February 7, 2022
By: Kayla Jones, GSIC Social Impact Fellow
Ashani O’Mard served as the Executive Director for the Atlanta Affordable Housing Fund (AAHF) since January 2020. AAHF is a social impact fund designed to aggregate capital to invest in affordable housing projects, with the goal of driving deeper, longer-term affordability. O’Mard recently transitioned into a Senior Vice President role with the Atlanta Neighborhood Development Partnership where she will drive their multi-family development work.
How did you start working in affordable housing, and what about this work motivates you?
I was born and raised in Detroit, Michigan, and spent my childhood there. During high school, I earned a Skillman Foundation scholarship to attend an independent, boarding school, Cranbrook Kingswood. Cranbrook was located approximately 30 minutes north of the city of Detroit in an affluent suburb, Bloomfield Hills. During the 30-minute drive up from church back to Cranbrook on Sundays, I’d notice the change in scenery and streetscape. From broken glass and abandoned buildings to manicured lawns and coffee shops, it really sparked a curiosity in me as a high school student, specifically about how one street could have such stark differences.
I was never ashamed of my community; it was my normal and I didn’t know anything different. But what became disappointing was to know the disparities that existed because of my community, because of my zip code. By attending Cranbrook, I had a glimpse of how people can live when they have a different set of resources.
This experience really became the soundtrack to my deeply rooted passion from the work that I do today. While I initially planned to study engineering during college (perhaps because I’m from Detroit and wanted to work for one of the Big Three), I never shook that curiosity. All of my electives in college were related to the urban environment. These classes reaffirmed my desire to understand what tools were needed to revitalize urban communities, and to find opportunities to celebrate them.
Throughout my career, I have focused on understanding “the why,” and “how” to impact and drive change which enables people to have an opportunity to thrive. Everyone deserves access to quality education, quality housing, and a chance to raise their family in a way that can build wealth for the next generation.
In my next role, I’m rejoining an organization that I worked for prior to launching AAHF, called the Atlanta Neighborhood Development Partnership (ANDP). It’s a regional nonprofit that has been around for over 30 years. ANDP works as a nonprofit developer, a Community Development Financial Institution (CDFI), and is engaged in a lot of advocacy work to drive public policy and systems change. In my new role, I’ll work with the team to ramp up their multi-family development efforts while forging new partnerships with private developers to help scale their production.
AAHF recently worked on a project with Tenth Street Ventures, ARRC Capital Partners, and The American South Real Estate Fund to rehab a property at 1200 Mobile Street in Hunter Hills. Hunter Hills historically was one of the few planned Black communities of its time – what does it mean for AAHF to be apart of this revitalization and restoration of an area that may have been forgotten?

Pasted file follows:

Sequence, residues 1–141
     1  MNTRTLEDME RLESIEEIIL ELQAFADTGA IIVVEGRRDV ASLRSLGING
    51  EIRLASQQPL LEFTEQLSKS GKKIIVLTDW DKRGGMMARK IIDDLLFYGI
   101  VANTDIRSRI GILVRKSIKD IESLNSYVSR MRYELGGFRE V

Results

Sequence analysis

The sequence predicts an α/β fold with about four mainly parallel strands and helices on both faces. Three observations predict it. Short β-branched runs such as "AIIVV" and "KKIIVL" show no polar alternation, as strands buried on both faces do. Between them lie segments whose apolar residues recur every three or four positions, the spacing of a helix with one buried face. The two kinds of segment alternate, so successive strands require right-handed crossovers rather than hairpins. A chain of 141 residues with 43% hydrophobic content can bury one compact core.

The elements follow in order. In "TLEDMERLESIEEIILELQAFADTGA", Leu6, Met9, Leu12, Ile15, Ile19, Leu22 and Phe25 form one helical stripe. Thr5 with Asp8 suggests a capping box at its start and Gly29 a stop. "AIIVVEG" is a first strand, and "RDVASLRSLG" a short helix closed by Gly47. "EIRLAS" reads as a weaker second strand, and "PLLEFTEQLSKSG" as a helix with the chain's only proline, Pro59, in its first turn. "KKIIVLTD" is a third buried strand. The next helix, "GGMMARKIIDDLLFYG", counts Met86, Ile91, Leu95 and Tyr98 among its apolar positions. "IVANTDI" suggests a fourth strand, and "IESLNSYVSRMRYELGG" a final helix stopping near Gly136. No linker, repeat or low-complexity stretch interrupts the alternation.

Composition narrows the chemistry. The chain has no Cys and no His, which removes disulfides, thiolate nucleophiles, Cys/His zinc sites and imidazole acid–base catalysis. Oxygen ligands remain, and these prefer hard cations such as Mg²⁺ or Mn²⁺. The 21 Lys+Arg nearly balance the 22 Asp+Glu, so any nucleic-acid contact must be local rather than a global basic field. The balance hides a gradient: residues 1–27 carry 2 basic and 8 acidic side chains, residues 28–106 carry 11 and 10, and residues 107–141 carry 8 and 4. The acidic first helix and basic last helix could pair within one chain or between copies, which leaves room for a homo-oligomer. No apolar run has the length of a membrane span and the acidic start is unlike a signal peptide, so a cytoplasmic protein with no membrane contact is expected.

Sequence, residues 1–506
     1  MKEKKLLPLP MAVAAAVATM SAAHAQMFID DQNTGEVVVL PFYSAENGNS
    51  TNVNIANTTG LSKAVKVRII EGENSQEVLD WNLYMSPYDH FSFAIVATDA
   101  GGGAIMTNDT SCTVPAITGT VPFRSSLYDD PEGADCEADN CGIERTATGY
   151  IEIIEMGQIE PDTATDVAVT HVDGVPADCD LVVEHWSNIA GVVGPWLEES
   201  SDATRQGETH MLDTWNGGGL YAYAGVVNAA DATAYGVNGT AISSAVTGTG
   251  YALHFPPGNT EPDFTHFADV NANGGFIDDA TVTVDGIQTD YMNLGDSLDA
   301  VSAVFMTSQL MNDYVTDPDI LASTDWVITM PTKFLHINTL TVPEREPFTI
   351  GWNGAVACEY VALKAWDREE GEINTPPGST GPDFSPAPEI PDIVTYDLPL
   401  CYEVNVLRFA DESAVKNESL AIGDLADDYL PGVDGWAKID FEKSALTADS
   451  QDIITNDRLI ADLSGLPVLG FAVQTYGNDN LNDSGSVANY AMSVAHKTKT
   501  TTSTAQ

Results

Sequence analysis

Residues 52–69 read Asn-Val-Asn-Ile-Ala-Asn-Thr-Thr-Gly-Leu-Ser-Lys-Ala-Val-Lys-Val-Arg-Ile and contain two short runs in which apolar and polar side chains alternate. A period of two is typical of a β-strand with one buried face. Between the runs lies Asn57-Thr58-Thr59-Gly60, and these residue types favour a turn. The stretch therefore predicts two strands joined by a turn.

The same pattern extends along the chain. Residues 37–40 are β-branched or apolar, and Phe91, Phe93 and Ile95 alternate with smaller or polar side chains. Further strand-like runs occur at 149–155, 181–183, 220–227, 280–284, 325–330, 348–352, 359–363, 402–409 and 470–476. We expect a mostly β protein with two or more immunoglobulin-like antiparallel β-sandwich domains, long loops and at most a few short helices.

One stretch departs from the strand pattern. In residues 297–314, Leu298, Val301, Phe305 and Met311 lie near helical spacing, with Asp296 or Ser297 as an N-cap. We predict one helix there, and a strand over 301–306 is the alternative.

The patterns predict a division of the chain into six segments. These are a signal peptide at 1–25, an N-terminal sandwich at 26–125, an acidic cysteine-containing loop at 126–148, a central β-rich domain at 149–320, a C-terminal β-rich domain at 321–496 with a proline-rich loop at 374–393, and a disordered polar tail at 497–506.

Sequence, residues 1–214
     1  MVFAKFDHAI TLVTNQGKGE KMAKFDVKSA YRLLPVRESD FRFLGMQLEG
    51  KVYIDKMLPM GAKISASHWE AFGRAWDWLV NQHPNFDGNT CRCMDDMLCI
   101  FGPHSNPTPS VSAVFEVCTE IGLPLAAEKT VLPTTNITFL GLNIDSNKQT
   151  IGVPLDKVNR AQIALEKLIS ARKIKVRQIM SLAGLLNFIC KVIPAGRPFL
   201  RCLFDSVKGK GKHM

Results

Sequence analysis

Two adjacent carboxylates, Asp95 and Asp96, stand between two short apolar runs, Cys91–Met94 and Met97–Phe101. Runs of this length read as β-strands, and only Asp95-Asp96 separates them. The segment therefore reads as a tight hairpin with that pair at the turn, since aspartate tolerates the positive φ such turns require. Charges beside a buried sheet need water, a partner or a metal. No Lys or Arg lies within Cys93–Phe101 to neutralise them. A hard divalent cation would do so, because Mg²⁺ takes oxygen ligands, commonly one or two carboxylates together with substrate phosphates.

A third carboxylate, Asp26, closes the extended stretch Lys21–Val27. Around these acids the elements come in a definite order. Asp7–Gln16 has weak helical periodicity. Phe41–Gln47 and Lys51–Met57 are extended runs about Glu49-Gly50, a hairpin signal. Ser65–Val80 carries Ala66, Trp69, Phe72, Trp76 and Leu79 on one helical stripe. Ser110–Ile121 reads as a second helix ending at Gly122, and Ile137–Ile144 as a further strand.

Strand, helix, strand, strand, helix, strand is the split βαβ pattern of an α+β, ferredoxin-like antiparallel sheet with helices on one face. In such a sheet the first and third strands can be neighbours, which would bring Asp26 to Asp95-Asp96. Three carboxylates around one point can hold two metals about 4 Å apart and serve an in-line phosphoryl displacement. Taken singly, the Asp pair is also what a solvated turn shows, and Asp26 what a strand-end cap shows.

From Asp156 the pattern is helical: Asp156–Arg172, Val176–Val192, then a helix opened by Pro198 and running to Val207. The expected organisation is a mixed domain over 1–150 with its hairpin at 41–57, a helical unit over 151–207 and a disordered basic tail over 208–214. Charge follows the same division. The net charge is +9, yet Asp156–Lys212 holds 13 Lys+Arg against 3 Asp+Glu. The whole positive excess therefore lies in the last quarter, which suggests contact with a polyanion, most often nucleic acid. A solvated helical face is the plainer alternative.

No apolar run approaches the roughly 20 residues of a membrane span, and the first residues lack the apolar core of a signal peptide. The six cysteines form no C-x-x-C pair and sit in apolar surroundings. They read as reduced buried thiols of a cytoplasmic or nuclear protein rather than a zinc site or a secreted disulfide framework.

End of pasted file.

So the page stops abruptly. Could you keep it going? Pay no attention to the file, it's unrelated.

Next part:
With the Hunter Hills property, an emerging developer was referred to AAHF by Invest Atlanta about two years ago. The property was a vacant, 20-unit building (adjacent to the BeltLine and neighbor to Grove Park) that had sat vacant for many years. The developer proposed to rehab the building and convert it into 40 fully furnished, studio apartments.
The development team has done a great job in partnering with local civic leaders while also engaging partners like City of Refuge and Trees Atlanta. They are also working with Partners for Home to leverage funds that help support formerly unhoused individuals. Since the units come pre-furnished, there aren’t as many upfront costs for people to take into account when moving. 100% of the renovated property units will serve persons earning up to 60% of the Area Median Income (AMI). They have been very engaged in what it means to create a sense of community, and what it means to partner with stakeholders in the community as well.
What advice do you have for young Black social impact leaders or entrepreneurs who are working to make an impact in their respective communities?
Don’t be afraid to ask tough questions and really peel back the layers to understand critical issues and root causes. Get engaged. There are several resources, including the Atlanta Regional Housing Forum that I love to refer people to. I encourage people to attend those forums because they provide a great way to understand the dynamics of the affordable housing landscape in Atlanta.
I think it’s unfortunate that we (as a region) haven’t historically prioritized affordable housing. We’ve got a lot of people talking about it, but we really need more hands at the table to get it done, and to help scale the work, too. Ultimately, if we don’t prioritize housing affordability, we put our economic competitiveness in jeopardy.
I would also encourage young people to not be afraid to take those hard classes. I stumbled upon a degree in urban studies because it was something I was passionate about, but I didn’t realize it at the time. Take advantage of fellowships, like PPIA (Public Policy and International Affairs fellowship program) which provide a platform for young people to learn more outside of the traditional classroom environment. We definitely need more ideas and innovation in the public policy space.
I’m happy to have folks reach out to me as well. It’s an important part of the leadership process to usher in a new generation of tech, talent and ideas.
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Contact Ashani O’Mard at [email protected]